Palestinian Resistance: Graffiti on the West Bank Wall


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Resistance can be expressed through many outlets, whether that be violence, protest, music, or other forms of art. The wall dividing the occupied Palestinian West Bank and the Israeli territory, illegally constructed and maintained by the Israeli government, is a point of frustration for Palestinians. In recent years, the wall has turned into a place for activist and political graffiti regarding the illegal West Bank wall. This activist brand of graffiti has historical roots and created some tension among Palestinian resistance groups.

Map showing the wall dividing the West Bank from Israeli land
Map showing the wall dividing the West Bank from Israeli land

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Historically, graffiti became popular during the ‘First Intifada’ but not in an art sense. The graffiti was a necessity after the Israeli crackdown in Palestinian refugee camps. In 1987, the start of the ‘First Intifada’, the communication between Palestinians was essentially shut down. Phone systems, public announcements, and newspapers were stopped for a brief period. Because of this, Palestinian resistance scribbled or wrote in graffiti messages-warnings or announcements usually- to one another on walls. It was risky business as some people were jailed and beaten if caught. After the Intifada and crackdowns were lessened, graffiti became more detailed and more artistic in the region.

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Once the West Bank wall was established, it became a center for artistic Palestinian resistance. The wall became a place where activism meets art. Huge murals, with symbolic and powerful deeper meanings, were put up. These murals reflect some acts of Israeli aggression and opposition to the occupation of Palestinian lands. After the Oslo accords, graffiti was institutionalized and funded by NGO’s and political factions.

Banksy
Famous Banksy works above and the other notable below

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Banksy Unwelcome Interventionleg

However, some people are concerned about what it actually means to beautify a wall that is condemned by the overwhelming majority of the Palestinian population. The famous, Banksy, has made stops in the West Bank and commenting “The wall is illegal under international law and essentially turns Palestine into the world’s largest open prison. It also makes it the ultimate activity holiday destination for graffiti writers.” Other members of Palestinian resistance disapprove of the graffiti on the wall. Coming from this perspective, Arafah says “I won’t touch the wall with colors, it’s an act of normalisation or beautification. People come here now as though they are visiting the pyramids in Egypt, like they are visiting a tourist attraction. They see the beauty of graffiti now instead of the suffering.” So the graffiti on the wall can be a point of contention among Palestinian resistance.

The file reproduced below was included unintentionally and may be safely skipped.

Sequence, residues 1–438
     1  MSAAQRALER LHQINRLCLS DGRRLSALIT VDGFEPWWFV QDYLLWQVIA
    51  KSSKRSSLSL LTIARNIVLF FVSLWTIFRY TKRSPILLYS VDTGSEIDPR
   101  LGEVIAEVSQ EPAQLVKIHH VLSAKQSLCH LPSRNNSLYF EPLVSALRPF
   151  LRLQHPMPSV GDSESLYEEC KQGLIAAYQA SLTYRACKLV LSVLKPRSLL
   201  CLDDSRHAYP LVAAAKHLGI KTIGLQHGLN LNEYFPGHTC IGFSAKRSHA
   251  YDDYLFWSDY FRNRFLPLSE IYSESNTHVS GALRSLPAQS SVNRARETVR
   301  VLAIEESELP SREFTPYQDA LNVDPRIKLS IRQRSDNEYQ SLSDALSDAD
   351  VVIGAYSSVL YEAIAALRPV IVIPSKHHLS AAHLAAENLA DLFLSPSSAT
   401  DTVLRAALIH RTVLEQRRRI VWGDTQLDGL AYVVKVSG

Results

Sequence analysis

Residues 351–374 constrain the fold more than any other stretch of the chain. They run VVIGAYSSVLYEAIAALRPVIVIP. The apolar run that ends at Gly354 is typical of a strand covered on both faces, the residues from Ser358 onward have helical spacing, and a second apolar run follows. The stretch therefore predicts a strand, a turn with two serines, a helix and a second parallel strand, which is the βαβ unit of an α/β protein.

images (2)Graffiti

In all aspects, I found this topic extremely interesting. It is amazing to me that this political graffiti has such historical roots. Graffiti, just like other forms of Palestinian resistance, keep on evolving with the time. It reminds me much of the graffiti on the Berlin wall and just like then Palestinians are calling for the Israeli government to “tear the wall down”.

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http://www.aljazeera.com/indepth/features/2013/11/palestinian-graffiti-tagging-resistance-2013112015849368961.html

http://www.thecrimson.com/column/the-art-of-protest/article/2014/3/26/the-art-of-protest-banksy/

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11 thoughts on “Palestinian Resistance: Graffiti on the West Bank Wall

  1. According to international law, this wall is illegal and Israel is an occupying force.

    http://www.un.org/apps/news/story.asp?NewsID=48236#.VFDgBvldWSo

    http://www.un.org/sg/statements/index.asp?nid=7849

    http://www.icj-cij.org/docket/files/131/1677.pdf